. This will clear any data leftover from step 6 and prepare for data collection. After you click you will have two minutes to complete your 10 trials. Then Logger Pro will stop recording data. If you need more time, click to restart, choosing Append.
After your tenth trial, click to end data collection. Record the speed for each trial in the data table below.
Trial Initial Speed
8. Inspect your speed data. Did you get the same value every time? Determine the average, maximum, and minimum values by clicking once on the velocity vs. time graph and then
clicking the Statistics button,. What one value would be most representative of all ten
Maximum speed m/s
Minimum speed m/s
Average speed (use the mean) m/s
，y9. Carefully measure the distance from the tabletop to the floor and record it here as. Why
do we need the absolute value sign? Use a plumb bob to locate the point on the floor just beneath the point where the ball will leave the table. Mark this point with tape; it will serve as your floor origin. You will notice at this point, if you did not before, that your table does not have a square edge. Explain why this is a problem and tell how your group is going to deal ;；with the problem. (There is no perfect solution that I know of, other than going out and buying new tables with square edges!)
Physics with Vernier 8 - 3
10. In this step you will use your speed value to calculate the distance from the floor origin to the
impact point where you think the ball will hit the floor. In order to achieve this, you will need
to algebraically combine relationships for motion with constant acceleration
First, simplify the equations above: What is the value of the initial velocity in the vertical
direction (v)? What is the acceleration in the horizontal direction (a)? What is the oyx
acceleration in the vertical direction (a)? Remember that the time the ball takes to fall is the y;；，tsame as the time the ball flies horizontally, so in both equations is the same. Use this
information and your simplified equations to obtain an expression for calculate how far the
ball will be from the table at the time the ball hits the floor. In other words, obtain an ，xv,，y,anda.equation for in terms of only Do your work in pencil on a piece of ixypaper. Then type up your work here, using an equation editor. Make sure to include your ;；final equation. Then plug in your values (again type it here using an equation editor) and ，xobtain your predicted value.
;；;；，xPredicted impact point - m
;； 11. To account for the variations you saw in the photo gate speed measurements, repeat the
calculation in Step 10 for the minimum and maximum speeds you measured. These two ;；additional points show the limits of impact range that you might expect, considering the
variation in your speed measurement. Type the equations here and record the results in the
Minimum impact point distance m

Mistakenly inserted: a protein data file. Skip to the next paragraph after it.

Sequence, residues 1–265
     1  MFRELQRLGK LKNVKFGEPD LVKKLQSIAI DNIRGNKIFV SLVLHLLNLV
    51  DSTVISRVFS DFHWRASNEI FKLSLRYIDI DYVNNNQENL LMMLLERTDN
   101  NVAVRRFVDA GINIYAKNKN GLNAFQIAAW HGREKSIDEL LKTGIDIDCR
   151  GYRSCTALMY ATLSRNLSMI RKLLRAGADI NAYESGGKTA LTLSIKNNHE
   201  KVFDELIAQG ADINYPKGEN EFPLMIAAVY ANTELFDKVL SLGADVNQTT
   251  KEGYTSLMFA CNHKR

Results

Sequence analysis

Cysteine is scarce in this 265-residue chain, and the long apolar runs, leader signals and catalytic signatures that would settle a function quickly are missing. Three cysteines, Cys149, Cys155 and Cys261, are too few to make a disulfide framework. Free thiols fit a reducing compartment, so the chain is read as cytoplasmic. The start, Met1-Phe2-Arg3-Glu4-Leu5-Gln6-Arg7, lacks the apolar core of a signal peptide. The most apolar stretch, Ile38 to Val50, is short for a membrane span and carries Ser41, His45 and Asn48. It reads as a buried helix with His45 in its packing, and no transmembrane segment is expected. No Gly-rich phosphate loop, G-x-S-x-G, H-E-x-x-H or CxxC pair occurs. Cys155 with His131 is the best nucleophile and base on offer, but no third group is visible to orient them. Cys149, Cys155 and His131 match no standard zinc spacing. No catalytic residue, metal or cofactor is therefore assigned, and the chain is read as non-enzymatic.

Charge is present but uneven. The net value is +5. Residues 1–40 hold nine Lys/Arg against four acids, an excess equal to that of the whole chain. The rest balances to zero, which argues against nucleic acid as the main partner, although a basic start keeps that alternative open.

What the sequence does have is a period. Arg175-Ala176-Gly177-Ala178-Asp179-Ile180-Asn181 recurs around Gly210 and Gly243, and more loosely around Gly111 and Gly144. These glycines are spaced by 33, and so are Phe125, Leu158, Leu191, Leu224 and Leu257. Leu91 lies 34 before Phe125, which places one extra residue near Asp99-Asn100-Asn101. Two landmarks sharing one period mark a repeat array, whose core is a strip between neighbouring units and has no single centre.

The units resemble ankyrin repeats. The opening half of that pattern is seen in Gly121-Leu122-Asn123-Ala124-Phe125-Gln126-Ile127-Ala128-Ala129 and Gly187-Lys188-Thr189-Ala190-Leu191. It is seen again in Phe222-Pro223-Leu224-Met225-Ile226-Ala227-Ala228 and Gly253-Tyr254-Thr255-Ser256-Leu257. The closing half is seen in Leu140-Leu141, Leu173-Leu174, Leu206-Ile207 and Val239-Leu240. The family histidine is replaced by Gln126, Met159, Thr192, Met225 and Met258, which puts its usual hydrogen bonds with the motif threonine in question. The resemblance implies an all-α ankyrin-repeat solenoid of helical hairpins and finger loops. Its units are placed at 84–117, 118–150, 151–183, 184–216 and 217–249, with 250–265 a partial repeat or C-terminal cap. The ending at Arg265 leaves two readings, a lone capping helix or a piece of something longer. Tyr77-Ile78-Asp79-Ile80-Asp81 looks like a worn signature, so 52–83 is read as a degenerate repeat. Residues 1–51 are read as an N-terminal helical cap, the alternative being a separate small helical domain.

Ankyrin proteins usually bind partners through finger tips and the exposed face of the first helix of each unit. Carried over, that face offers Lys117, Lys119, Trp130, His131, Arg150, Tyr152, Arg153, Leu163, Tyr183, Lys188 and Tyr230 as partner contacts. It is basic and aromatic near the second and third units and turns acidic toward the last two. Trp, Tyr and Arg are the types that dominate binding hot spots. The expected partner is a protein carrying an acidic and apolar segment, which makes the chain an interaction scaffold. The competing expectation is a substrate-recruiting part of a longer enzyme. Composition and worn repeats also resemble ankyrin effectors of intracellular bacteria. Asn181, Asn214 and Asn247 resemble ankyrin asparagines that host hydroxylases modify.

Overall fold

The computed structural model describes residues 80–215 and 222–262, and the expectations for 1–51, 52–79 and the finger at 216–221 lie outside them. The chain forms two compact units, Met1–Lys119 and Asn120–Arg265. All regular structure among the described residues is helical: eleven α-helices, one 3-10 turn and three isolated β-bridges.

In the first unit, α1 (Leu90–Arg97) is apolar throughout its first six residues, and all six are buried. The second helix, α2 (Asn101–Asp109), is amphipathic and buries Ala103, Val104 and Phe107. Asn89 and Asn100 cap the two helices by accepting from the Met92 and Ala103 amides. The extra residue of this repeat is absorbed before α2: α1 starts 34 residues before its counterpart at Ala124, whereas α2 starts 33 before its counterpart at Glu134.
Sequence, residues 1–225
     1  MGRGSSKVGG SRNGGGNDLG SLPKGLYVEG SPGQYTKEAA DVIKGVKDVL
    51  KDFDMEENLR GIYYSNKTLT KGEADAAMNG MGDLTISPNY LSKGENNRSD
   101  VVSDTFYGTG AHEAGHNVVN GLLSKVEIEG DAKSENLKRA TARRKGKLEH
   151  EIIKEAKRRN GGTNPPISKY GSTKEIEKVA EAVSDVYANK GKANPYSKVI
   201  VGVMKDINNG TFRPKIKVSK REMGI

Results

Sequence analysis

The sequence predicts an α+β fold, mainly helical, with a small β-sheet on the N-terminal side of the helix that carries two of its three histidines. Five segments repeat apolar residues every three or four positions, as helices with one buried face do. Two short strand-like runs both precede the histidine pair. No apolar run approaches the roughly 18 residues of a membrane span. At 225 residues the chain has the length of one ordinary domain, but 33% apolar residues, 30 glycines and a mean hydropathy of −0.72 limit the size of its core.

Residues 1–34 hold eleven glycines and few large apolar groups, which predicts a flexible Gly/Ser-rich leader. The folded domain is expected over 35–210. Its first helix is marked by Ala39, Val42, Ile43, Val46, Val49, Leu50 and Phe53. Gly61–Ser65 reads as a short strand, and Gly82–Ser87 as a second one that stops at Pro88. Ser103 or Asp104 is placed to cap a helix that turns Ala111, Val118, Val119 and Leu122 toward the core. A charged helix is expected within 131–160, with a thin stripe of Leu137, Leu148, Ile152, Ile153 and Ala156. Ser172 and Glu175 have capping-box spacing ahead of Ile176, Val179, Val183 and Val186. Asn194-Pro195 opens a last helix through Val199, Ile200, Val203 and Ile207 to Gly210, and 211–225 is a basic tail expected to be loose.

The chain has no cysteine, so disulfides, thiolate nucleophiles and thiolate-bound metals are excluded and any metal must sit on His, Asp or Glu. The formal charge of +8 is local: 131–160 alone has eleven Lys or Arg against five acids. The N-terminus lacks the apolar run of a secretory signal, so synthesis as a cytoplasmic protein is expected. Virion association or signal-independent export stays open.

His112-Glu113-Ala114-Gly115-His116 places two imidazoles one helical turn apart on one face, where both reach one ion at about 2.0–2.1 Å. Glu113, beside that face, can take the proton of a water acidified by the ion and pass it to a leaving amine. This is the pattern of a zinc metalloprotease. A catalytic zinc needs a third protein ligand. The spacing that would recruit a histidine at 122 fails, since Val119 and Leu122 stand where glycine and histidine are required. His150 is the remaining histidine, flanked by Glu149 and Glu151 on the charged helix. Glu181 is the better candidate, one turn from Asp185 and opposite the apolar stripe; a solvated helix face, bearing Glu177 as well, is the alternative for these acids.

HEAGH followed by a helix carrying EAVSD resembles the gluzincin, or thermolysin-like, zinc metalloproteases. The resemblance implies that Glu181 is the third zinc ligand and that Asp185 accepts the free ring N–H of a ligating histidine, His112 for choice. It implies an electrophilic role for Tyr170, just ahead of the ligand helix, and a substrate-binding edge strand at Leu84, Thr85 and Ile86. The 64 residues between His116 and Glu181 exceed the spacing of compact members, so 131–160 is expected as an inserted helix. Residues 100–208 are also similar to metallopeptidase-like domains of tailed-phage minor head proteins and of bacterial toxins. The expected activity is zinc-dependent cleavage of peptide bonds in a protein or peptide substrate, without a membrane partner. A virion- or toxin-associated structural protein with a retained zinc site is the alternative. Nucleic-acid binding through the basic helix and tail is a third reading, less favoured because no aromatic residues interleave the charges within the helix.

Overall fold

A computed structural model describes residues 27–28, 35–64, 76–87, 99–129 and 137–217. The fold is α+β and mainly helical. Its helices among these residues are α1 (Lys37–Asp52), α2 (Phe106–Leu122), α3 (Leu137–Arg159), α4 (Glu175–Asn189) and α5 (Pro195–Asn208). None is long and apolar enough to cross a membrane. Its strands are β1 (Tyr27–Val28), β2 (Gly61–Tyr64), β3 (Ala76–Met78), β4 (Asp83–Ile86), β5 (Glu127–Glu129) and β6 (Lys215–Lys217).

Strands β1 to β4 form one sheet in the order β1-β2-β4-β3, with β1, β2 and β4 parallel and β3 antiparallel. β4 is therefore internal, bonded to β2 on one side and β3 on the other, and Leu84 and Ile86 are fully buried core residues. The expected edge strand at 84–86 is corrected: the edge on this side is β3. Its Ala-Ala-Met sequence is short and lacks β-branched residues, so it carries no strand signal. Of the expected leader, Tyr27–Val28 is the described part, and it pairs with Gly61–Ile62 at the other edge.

Maximum impact point distance m
Mark your predicted impact point on the floor, on a piece of tape, being careful to make your
mark along the line of the track. Mark your minimum and maximum points on the floor as
12. After calling your teacher over to watch, release the ball from the marked starting point,
and let the ball roll off the table and onto the floor. Mark the point of impact on your tape,
maybe with a different color than you used for your other marks. Measure the distance from
the floor origin to the actual impact and enter the distance below.
Actual impact point distance m
13. Was your actual impact point between your minimum and maximum impact predictions? 14. Put all equipment away neatly. Clean off your table – make it look perfect for the next class
that is coming in.
1. Should you expect any numerical prediction based on experimental measurements to be exact?
Would a range for the prediction be more appropriate? Explain.
8 - 4 Physics with Vernier
2. If the ball hit the floor between your minimum and maximum predicted values, your
prediction was successful.
(a) If your prediction was not successful, do this part: Was your prediction off by much?
Brainstorm about what might have gone wrong. Write all your ideas here. (b) If your prediction was successful, do this part: You accounted for variations in the speed
measurement in your range prediction. Are there other measurements you used which affect
the range prediction? What are they?
3. Did you account for air resistance in your prediction? If so, how? If not, how would air
resistance change the distance the ball flies?
4. Derive an equation that gives the path of the ball in this experiment. This equation will not ，x，t，yhave in it, but will show the relationship between and . Does the equation you
derived say that the path will be a section of a parabola? How can you tell?
Physics with Vernier 8 - 5